Salads are composed of freshly harvested greens; the herb garden is thoughtfully situated outside the kitchen door so that it is easy to reach while cooking. “It has elevated the quality of the food being served at the Mission,” Forbes continues. “Too often, those experiencing homelessness also suffer from health problems related to a poor diet.”
Solving the problem of scale
Sourcing fresh produce — and staying within budget — is a challenge for many soup kitchens. Individual donations of perishable items are rare, so some organizations choose to work with hunger-relief nonprofits that have the logistical capability to glean fruit and vegetable gifts directly from local farmers. The Philadelphia Orchard Project, which contributed fig, almond, and Asian pear trees to the UBC Garden of Eden this year, has a fruit gleaning program. Philabundance, another local nonprofit, is known by Philadelphia-area farmers as a way to keep excess or less cosmetically attractive produce from going to waste.
Distribution of this donated produce requires complex transportation, however, and so soup kitchens must often meet certain volume criteria in order to receive deliveries. Philabundance, for example, requires that its soup-kitchen member agencies serve at least 500 monthly meals in order to qualify. For smaller-scale operations that don’t reach that number, such as UBC’s soup kitchen (which has fed around 70-80 people per week in previous years and feeds between 20-30 each week now), this usually means they have to purchase produce themselves or rely on non-perishable items.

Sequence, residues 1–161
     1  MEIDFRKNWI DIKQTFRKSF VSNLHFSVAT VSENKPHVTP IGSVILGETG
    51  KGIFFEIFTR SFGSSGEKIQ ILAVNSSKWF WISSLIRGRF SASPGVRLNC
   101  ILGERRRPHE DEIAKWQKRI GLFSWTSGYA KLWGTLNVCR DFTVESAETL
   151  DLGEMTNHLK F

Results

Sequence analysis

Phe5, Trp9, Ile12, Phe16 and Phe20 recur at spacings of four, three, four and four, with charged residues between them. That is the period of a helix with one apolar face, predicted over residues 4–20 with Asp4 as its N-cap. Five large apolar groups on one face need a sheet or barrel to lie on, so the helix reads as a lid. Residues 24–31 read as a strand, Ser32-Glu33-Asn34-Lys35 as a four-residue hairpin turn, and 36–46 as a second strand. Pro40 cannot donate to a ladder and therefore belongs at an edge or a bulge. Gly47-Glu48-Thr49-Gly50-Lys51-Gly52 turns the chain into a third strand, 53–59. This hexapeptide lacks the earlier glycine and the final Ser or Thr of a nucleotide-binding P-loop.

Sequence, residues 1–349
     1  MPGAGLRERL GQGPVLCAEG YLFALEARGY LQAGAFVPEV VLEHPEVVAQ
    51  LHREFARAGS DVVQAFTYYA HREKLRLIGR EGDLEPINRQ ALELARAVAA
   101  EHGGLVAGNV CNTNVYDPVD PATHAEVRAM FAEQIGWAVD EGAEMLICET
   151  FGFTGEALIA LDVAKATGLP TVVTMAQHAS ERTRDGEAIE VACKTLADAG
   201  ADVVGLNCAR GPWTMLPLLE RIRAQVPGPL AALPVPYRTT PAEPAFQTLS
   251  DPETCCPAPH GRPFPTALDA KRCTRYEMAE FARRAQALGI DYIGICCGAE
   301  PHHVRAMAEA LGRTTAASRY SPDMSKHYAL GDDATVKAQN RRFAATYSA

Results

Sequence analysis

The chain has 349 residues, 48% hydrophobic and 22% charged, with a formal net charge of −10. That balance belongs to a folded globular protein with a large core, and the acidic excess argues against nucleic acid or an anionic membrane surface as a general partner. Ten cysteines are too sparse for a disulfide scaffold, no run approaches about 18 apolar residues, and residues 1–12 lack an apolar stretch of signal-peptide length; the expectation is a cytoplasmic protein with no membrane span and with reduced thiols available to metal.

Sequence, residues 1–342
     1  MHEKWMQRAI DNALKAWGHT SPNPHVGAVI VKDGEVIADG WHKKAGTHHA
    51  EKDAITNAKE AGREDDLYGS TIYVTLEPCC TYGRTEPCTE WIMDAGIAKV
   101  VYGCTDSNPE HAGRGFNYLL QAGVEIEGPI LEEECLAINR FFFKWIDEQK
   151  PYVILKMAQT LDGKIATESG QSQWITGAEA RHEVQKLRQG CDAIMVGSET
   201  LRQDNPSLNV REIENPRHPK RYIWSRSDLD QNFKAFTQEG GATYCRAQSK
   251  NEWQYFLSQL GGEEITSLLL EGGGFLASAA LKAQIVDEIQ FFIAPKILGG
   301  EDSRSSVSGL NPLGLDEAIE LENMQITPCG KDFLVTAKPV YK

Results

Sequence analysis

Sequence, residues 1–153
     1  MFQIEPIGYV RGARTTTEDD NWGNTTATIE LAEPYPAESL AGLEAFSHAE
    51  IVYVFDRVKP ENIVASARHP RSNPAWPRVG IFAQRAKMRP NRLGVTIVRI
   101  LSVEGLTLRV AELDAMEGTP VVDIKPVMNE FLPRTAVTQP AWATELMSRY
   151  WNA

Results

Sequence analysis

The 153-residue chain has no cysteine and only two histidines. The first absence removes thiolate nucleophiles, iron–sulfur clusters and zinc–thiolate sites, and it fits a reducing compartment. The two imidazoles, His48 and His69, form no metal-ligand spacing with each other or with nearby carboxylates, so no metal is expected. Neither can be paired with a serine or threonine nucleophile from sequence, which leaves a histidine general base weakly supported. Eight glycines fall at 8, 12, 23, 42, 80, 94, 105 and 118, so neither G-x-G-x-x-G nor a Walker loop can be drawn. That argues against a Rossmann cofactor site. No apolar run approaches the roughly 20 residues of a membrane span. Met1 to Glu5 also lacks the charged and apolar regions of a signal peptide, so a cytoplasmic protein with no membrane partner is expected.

“Produce is hard to come by [for] smaller operations, and [direct] donations of produce [by farmers] could have a major impact,” says Scott Smith, director of food acquisition at Philabundance.
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By growing the produce themselves, Ng and the UBC soup kitchen volunteers are slowly sidestepping the need to seek produce donations or purchase fruits and vegetables for the program. Phil Forsyth, executive director of Philadelphia Orchard Project, praised this solution, saying, “Of course, another approach is for soup kitchens to plant their own gardens and orchards to supply themselves with the most fresh, local produce possible.”
Even for larger organizations such as Sunday Breakfast Rescue Mission, which serves over 400 meals daily and qualifies for delivery from organizations such as Philabundance, the parking-lot farm developed by Ng serves an important function. “There never seems to be enough donated fresh produce to keep up with the demand,” notes Forbes, “which is why we decided to think outside the box and grow it ourselves.”
As an added benefit, Ng’s farms engage their surrounding urban communities and teach city dwellers that even figs can grow on a city block. An herb garden can flourish in a parking lot, and heirloom tomatoes can thrive in a raised bed built out of salvage materials from the demolition of a nearby growhouse.
The care Ng takes in nurturing the crops at UBC Garden of Eden matches the motivation that the church’s soup kitchen volunteers have for serving food they would feed their own families. The symbiosis has been apparent since Ng’s first harvest last summer. “I was so happy and delighted to see a green area of the plate,” Ng says. “I want to share that experience of fresh produce with people. It tastes different, because it’s so fresh.”